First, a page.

- Wie kommt man ans Ziel seiner Wünsche? Modelle des Glücks in Märchentexten
As Brigitte Boothe states in her foreword to this collection of essays, fairy tales have charmed researchers across a vast expanse of disciplines, from linguistics and literary studies to psychology and psychotherapy, from mythology [End Page 355] and theology to pedagogy (7). This book focuses on the fairy tale as an object of interest for the psychotherapist. As the title suggests, a central question of the collected essays is how fairy tales encode strategies of achieving happiness in the face of adversity and deeply rooted fears that have come to life. Closely aligned with this question is an inquiry into how fairy tales may embed expressions of wish fulfillment. While these questions may be asked of traditional fairy tales, such as those collected by the Grimms, the chapters of this book build upon research of fairy tales imagined by young research subjects, and the book is organized along an axis of age: from tales authored by children and adolescents to an account of the few Grimms fairy tales that offer a model of happiness for aging adults.
The book opens with a foreword by Boothe, followed by an essay by Kristin Wardetzky that examines sex/gender differences in the fairy-tale fantasies of young children. The chapter by Lorenz Lunin adds the dimension of age-specific narrative themes in children's fairy tales. This is followed by Claudia Galli and Catherine Paterson's chapter on the notable emergence of a subgenre in the fairy tales of adolescents: the anti-fairy tale. The research on young people's fairy tales is then synthesized in a chapter by Boothe that asks questions about the developmental value of fairy tales. Boothe closes the book with a chapter on the few Grimms tales that imagine happiness in the twilight years, and a brief afterword that analyzes a fairy tale with a curious model for happiness in marriage.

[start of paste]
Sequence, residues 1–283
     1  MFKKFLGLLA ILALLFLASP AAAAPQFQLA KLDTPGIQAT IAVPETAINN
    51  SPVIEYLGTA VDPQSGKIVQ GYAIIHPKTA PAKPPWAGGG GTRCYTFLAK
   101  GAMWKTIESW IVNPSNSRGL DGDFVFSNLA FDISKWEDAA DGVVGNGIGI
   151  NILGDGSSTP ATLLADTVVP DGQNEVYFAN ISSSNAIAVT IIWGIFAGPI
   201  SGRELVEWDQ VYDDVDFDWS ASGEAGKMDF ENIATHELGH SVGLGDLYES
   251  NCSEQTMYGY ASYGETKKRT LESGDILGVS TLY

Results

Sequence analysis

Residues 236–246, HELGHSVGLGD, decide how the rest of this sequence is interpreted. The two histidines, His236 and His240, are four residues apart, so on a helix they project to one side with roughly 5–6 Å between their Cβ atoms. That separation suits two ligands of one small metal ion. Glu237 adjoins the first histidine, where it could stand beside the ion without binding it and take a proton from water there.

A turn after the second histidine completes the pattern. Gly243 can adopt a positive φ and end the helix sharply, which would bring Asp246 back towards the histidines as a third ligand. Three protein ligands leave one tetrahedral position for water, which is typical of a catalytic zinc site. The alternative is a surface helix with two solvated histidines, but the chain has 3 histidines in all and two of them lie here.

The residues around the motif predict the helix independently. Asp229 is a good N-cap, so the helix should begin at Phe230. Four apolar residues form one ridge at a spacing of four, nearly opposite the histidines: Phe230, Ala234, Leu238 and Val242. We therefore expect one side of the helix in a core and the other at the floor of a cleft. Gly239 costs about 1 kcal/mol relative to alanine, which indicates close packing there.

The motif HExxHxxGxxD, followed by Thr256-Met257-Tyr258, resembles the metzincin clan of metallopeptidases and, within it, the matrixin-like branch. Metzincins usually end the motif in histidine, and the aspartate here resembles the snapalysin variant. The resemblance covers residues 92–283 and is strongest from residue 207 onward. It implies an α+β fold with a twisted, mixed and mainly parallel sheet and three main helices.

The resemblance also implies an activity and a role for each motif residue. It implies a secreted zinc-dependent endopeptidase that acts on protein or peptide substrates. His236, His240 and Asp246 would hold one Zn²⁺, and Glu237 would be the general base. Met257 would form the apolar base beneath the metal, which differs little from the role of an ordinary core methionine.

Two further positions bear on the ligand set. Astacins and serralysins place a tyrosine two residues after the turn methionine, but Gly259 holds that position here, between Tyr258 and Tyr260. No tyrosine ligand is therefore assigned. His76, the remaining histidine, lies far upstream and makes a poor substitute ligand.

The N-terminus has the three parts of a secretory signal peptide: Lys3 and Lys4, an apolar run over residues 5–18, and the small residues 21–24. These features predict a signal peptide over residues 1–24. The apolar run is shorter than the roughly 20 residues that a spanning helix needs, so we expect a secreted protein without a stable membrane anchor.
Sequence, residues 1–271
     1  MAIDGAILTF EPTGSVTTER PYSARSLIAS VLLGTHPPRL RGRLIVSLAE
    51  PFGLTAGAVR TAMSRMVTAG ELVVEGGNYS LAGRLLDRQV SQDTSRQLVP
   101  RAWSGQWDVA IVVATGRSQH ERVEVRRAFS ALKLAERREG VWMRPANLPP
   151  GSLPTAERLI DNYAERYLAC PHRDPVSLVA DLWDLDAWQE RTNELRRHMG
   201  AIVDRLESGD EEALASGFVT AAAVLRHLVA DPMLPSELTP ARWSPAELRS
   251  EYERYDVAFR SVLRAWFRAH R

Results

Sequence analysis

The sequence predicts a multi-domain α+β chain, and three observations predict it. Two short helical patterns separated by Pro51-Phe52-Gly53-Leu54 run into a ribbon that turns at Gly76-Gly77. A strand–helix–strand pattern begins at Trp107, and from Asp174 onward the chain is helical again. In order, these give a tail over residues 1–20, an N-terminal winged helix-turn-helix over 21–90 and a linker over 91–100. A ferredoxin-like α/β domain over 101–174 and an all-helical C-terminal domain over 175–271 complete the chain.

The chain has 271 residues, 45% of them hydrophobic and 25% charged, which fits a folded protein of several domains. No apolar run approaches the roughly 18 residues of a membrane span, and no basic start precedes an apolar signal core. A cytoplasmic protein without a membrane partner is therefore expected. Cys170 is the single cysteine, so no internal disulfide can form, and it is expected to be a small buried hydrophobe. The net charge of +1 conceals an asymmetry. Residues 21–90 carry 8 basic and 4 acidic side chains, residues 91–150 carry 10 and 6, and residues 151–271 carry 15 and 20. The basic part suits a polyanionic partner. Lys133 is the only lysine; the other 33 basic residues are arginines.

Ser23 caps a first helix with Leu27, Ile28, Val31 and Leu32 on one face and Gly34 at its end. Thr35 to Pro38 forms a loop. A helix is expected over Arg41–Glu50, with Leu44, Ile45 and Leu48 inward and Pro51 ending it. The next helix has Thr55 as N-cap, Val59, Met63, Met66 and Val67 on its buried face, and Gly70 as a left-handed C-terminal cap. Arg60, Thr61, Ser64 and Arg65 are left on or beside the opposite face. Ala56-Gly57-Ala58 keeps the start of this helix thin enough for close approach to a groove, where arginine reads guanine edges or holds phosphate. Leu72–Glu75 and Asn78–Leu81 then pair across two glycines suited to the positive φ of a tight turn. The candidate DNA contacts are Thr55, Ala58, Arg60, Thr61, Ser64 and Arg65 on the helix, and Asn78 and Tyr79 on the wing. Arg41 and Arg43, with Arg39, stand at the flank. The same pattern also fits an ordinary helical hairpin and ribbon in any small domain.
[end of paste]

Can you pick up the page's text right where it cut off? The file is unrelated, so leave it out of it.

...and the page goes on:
The chapter "Eroberer und Königstöchter" (Conquerors and Princesses) by Wardetzky utilizes two corpuses of children's fairy tales: the first corpus contains approximately two thousand fairy tales by eight-to-eleven-year-old children in the former East Germany (written between 1986 and 1988), and the second corpus includes approximately two hundred fairy tales by Swiss children of the same age (Lunin's 1994 Zurich study). All of these tales were written essentially spontaneously. They were provided brief, simple prompts written by Wardetzky; all of the prompts avoided specifying the sex of the child-hero in the tale (in the Zurich study, the prompts were presented in pairs differing only by the sex of the protagonist—each child was given free choice of which to use). For example, one of the prompts reads (translated): "Once upon a time there was a child playing on the edge of a sea. Suddenly the child went pale from fright, for the waves rose up and the water foamed" (46). The data reveals narrative features and themes often specific to the sex of the child author. Once identified, these features and themes are not surprising: children tend to imagine a protagonist of their own sex (18-19); boys tend to focus on a selfless hero battling a monster that threatens his family (22); girls typically present marriage as the ultimate goal of the heroine (29); and so forth. Less obvious [End Page 356] is that the tales of boys conform largely to the hero-myth of antiquity, while girls compose wonder tales in which magical, rather than physical, skills are typically critical to the success of the heroine (19). What the research does not illuminate at this stage is whether these are sex or gender differences, or to what degree they are a combination.
Lunin claims boldly in his chapter, "Der Weg in die Fremde—der Weg nach Hause" (The Way to the Foreign—the Way Home), that Vladimir Propp's structural analysis of fairy-tale functions has lapsed into triviality...